Partly spurred by the coronavirus pandemic that has gravely wounded the American moviegoing industry, unprecedentedly massive film acquisition deals have been struck by major streaming players. Apple TV+ shelled out $70 million for Tom Hanks’ Greyhound, Disney acquired Lin-Manuel Miranda’s Hamilton for $75 million before rerouting it to Disney+, and Amazon dropped a whopping $125 million for Eddie Murphy’s Coming 2 America. With each passing day, a new single-film acquisition record seems to be set. But despite repeated release delays, no blockbuster film has followed the same route and for good reason. The economics of releasing a tentpole feature via on-demand or streaming simply don’t add up. But that hasn’t slowed industry-wide speculation.
Film critic Drew McWeeny generated quite the conversation this week on Twitter when he alluded that major streaming services have been inquiring about the availability of Daniel Craig’s long-delayed James Bond swansong No Time to Die.
I can't get my head around the idea that we may well see James Bond debut on Apple TV+ or Netflix. The numbers I've been hearing the last few days are I N S A N E…
— BooMcScreamy (@DrewMcWeeny) October 22, 2020
It is all but assured that 007 producer Barbara Broccoli and Eon Productions will wait out the pandemic to guarantee a theatrical release for No Time to Die. But it can’t hurt to explore this possibility from an industry standpoint for fun. But before we explore No Time to Die‘s theoretical asking price, we must first understand how and why such massive movie streaming deals are popping up.
“Generally speaking, the acquisition of a feature film by a streaming service is not substantively different from a studio,” Matthew Wilson, partner and co-chair of Arnall Golden Gregory LLP’s Entertainment & Sports industry team, told Observer. “In both cases it’s a cost/benefit business decision that is determined by some person crunching numbers and assessing risk. We all know that the big streaming services are raking in more dollars and capturing more eyeballs with each passing day. At the same time, the studios really can’t access their distribution chains (i.e., the theaters), so they are more hesitant to take on the risk of a big investment.”
He continued: “The presumption of the streamers is that they secure new consumers by locking in the blockbusters. It’s an expensive gamble, but I must assume they know what they are doing. The market is growing on the supply side and demand side, so maintaining market share is going to require taking big chances, right?”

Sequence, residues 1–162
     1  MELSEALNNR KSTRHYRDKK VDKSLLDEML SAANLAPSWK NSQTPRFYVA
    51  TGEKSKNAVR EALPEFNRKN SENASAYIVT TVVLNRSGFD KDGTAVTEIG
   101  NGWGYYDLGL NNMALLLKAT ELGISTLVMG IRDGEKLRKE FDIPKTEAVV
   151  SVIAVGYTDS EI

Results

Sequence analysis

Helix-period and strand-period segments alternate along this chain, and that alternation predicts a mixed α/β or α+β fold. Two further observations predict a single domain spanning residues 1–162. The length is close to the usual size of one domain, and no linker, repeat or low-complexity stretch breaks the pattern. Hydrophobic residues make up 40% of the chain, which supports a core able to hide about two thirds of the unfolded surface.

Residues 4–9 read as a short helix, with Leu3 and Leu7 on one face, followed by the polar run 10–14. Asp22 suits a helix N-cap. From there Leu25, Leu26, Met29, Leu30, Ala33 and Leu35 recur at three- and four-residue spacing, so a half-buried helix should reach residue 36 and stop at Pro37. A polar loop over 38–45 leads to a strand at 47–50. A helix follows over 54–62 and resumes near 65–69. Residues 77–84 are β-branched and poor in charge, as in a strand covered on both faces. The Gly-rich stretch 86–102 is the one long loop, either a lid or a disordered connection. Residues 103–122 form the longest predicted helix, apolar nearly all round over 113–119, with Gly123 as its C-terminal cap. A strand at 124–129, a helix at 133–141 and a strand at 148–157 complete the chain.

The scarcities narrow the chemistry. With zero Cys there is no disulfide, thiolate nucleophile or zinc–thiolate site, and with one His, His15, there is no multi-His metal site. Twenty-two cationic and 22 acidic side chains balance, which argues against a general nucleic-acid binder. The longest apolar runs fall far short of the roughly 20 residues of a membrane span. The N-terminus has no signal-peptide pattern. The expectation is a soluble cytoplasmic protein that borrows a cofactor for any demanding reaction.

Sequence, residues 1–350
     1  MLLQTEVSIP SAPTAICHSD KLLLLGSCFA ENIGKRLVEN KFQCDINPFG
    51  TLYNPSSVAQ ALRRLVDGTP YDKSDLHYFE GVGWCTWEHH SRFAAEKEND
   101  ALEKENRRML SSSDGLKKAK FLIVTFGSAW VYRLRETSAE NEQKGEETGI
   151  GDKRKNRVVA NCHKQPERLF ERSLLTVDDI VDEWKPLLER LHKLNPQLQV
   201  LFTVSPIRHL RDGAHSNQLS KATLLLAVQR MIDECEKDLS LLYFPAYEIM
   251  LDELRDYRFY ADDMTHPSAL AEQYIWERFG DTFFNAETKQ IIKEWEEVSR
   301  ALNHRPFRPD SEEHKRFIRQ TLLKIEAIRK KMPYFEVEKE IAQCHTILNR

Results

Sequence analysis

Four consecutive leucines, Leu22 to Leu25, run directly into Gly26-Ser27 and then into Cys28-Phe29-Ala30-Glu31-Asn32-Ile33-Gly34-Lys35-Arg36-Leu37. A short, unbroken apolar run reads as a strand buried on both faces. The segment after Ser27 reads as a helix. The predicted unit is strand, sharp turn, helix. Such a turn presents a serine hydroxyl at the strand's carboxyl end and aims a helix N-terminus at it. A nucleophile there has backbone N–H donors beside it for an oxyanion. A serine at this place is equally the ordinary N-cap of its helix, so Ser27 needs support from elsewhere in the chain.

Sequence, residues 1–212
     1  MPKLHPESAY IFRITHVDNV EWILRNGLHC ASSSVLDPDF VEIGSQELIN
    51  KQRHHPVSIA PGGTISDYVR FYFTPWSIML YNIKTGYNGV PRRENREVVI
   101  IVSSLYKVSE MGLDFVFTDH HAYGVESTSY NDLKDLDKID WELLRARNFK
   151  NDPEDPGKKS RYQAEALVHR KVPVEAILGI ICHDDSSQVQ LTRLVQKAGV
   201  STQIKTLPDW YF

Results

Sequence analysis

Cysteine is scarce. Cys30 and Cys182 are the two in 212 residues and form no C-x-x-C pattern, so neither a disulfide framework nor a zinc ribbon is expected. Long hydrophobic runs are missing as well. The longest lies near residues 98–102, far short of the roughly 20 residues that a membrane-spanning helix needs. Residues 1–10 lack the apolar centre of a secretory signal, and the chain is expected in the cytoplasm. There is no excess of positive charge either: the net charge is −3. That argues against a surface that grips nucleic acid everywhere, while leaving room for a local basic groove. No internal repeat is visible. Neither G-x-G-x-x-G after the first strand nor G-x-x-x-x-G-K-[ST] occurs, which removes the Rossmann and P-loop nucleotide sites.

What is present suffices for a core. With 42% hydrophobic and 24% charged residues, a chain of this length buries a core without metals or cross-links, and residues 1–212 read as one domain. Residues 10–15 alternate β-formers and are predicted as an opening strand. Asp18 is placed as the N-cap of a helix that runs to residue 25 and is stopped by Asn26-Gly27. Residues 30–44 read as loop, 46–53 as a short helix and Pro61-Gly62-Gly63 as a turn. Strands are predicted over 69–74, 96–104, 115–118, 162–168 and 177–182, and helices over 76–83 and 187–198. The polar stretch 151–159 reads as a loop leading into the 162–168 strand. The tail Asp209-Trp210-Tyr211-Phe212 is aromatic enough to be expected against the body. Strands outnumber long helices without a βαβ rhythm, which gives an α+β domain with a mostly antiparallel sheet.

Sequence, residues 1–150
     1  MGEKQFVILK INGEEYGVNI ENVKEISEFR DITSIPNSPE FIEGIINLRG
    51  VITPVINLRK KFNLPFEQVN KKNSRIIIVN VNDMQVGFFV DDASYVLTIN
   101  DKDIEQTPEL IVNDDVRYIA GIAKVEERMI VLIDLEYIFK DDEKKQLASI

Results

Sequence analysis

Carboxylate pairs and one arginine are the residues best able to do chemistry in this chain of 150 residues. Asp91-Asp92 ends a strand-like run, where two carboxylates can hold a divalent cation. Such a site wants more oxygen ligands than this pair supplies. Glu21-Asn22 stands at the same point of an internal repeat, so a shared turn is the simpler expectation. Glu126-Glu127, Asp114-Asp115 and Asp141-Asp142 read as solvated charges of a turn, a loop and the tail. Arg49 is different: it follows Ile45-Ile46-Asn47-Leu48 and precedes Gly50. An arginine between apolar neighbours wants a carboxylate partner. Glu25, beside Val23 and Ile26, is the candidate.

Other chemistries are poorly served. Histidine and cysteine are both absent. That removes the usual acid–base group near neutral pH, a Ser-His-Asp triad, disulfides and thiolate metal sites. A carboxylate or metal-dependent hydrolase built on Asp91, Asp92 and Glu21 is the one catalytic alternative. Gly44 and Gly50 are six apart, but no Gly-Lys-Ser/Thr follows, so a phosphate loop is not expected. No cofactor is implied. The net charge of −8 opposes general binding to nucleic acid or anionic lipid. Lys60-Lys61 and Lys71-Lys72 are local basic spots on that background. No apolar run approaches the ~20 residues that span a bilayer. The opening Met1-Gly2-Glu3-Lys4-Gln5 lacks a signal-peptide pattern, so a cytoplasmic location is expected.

So a confluence of factors—including a logjam of delayed product, a surge in streaming and direct-to-consumer viewership, and debilitating uncertainty regarding the future theatrical model—has created this current marketplace. But despite the desperation, no studio has been willing to send a blockbuster film to streaming. (Disney delivered Mulan domestically via Disney+ Premier Access to disappointing results). If theaters remain compromised through the first half of 2021, No Time to Die is looking at a third release delay, which will only further inflate the insurmountable marketing costs that the studio has already incurred.
“From a North American box office perspective, I’d say MGM would likely be very happy with $150M for the domestic rights,” Jeff Bock, Senior Box Office Analyst at Exhibitor Relations, told Observer. “That’s a solid price point that would net them around 50% of what the highest Bond film, Skyfall, grossed in the U.S. and Canada. That said, content is more in demand than ever before and it’s obviously a seller’s market. With Coming 2 America hitting $125M, one could see No Time to Die breaking records with upwards of $200M. Would save MGM a ton in marketing costs, too. If the buyer is there, theaters beware.”
The James Bond series has always been a hit with international audiences and a strong box office draw outside of America, where most of the world’s theaters are reopened. For that reason alone, it’s doubtful No Time to Die ever arrives via streaming. But the ties between 007 and the big screen go much further than pure dollars and cents.
“The route that No Time to Die has taken to reach consumers is worthy of the intricate plot of a Bond movie itself at this point,” Paul Dergarabedian, Comscore’s Senior Media Analyst, told Observer. “But Barbara Broccoli and Eon Productions want the prestige and exclusivity of a theatrical release as much as Bond himself wants the prestige and exclusivity of whatever watch he’s wearing. 007 is an icon of cinema that has gone hand in hand with the development of the movie theater industry over 60 years.”
In lieu of the massive eight- and nine-figure acquisition deals we’ve seen in 2020, is there a price point at which it becomes too difficult to say no? The fact that we’re even having this conversation speaks to the widespread audience demand for 007.
“It would have to be a higher number than any of those,” Dergarabedian said in reference to this year’s previous mega deals. “Honestly, I don’t know if there is a number that would make the producers go that route. You’d have to bankrupt Goldfinger to get this to happen.”
No Time to Die is slated to hit theaters April 2, 2021.